(Washington) With a more accommodating and optimistic tone than expected, the American central bank (Fed) welcomed the clear slowdown in inflation on Wednesday at the end of its last meeting of the year, and maintained its rates between 5 .25 and 5.50%.

However, it has not yet won the battle, and the economic trajectory could darken in 2024.

“Inflation has fallen since its peak, without a significant increase in unemployment. This is very good news,” emphasized Fed Chairman Jerome Powell on Wednesday in the introduction to his press conference. Without boasting: “inflation remains too high”, and “the path is uncertain”.

“Chairman Powell had an optimistic tone,” noted Rubeela Farooqi, chief economist for High Frequency Economics.

From its peak of 9.1% in June 2022, unheard of since the early 1980s, inflation fell to 3.1%, year-on-year, in November, according to the CPI index.

The enthusiasm of Jerome Powell, usually very cautious, was surprising. He still warned that further rate hikes remained on the table, if necessary.

But Standard Chartered’s Steve Englander, a former Fed economist, reports a “more dovish signal than we or the market expected.”

“The Fed’s turnaround surprised many,” he added, nevertheless raising the hypothesis that with the US presidential election approaching, the Fed might have wanted to signal an easing of risk. well before the start of the primaries.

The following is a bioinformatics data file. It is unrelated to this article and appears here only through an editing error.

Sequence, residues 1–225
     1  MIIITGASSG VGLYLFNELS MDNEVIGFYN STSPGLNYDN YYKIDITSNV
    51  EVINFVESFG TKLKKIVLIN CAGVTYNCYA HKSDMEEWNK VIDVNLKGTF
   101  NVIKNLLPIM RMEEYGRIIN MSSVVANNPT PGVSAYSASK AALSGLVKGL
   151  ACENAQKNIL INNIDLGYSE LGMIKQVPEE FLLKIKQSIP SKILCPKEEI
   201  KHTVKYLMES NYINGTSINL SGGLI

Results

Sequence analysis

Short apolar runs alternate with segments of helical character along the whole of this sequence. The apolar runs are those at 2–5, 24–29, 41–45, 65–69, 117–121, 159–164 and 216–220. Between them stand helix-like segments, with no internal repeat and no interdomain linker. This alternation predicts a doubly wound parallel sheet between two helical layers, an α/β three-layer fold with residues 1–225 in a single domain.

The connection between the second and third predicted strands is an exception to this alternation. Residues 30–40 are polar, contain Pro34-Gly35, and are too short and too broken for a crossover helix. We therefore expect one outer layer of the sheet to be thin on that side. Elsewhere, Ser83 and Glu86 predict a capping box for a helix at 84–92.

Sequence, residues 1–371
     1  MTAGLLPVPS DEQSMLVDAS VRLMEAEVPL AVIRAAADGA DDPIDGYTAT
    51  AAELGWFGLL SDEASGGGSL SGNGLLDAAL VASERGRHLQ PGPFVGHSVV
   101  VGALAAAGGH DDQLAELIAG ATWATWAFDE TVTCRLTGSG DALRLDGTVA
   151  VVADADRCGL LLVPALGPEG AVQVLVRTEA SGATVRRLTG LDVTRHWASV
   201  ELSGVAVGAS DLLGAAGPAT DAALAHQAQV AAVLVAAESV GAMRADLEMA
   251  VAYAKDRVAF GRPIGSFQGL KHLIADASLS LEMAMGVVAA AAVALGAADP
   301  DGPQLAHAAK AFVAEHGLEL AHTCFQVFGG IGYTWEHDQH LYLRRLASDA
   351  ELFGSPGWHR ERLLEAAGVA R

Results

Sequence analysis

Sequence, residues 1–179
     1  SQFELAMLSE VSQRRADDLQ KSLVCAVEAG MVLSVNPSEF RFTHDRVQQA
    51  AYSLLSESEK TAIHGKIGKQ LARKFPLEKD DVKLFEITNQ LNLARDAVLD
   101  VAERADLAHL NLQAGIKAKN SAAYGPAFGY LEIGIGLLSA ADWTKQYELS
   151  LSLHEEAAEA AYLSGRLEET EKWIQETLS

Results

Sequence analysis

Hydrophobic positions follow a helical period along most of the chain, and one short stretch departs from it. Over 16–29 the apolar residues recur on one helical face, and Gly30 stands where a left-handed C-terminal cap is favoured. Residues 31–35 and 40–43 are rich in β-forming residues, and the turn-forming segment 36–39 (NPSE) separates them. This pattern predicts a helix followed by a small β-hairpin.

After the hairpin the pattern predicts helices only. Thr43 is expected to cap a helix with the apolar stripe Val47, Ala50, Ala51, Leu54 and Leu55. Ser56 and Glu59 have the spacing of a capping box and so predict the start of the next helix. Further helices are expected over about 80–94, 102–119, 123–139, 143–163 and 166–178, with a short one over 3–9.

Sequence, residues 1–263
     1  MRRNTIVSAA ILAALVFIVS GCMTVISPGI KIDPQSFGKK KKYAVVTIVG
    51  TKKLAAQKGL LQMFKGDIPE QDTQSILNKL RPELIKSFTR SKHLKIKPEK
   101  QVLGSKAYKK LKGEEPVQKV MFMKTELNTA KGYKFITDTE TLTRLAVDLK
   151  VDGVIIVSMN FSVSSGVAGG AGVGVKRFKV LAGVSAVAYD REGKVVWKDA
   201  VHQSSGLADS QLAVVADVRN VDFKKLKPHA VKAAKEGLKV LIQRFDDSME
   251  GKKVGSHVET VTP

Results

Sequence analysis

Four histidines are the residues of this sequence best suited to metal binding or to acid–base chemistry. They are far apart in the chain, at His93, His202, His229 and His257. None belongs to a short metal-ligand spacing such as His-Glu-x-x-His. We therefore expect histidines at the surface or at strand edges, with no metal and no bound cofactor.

The indicators seem to be in good shape, with inflation on track, a job market which is rebalancing, and vigorous growth. But the Fed warned that “growth in economic activity has slowed,” a necessary condition for a lasting decline in inflation.

“The likelihood that the U.S. economy will enter recession over the next 12 months is higher than usual,” but “by no means guaranteed,” said Gregory Daco, chief economist for EY.

According to him, several difficulties await in 2024: consumer fatigue with high prices, interest rates still very high and employment growth which is expected to slow.

The measures taken by the Fed to slow inflation take months to be felt in the real economy. This is why it has not raised its rates since July, in order to avoid hampering economic activity.

But it is “possible that this landing ends up being a little harsher than expected, either because disinflation slows or because the impact of past rate hikes on activity and demand intensifies,” warns William De Vijlder, chief economist for BNP Paribas.

The Fed “abandoned its hawkish stance this week, sending a strong message that rate hikes are over and concerns about risks to the economy […] will play a more important role in future decisions,” notes Nancy Vanden Houten, economist for Oxford Economics.

The Fed anticipates three rate cuts for 2024.

Will they start in May? In June ? Or even as early as March?

“We are aware of the risk if we wait too long,” assured Jerome Powell.

She anticipates that the Fed will “wait until May, but if the good news continues to come as it has, the Fed will make cuts sooner.”

Furthermore, Jerome Powell ruled out any change in trajectory regarding the reduction of the Fed’s balance sheet.

“The only reason to cut rates and simultaneously stop balance sheet reductions would be a serious and abrupt deterioration in economic conditions, which is not anticipated,” emphasizes Diane Swonk.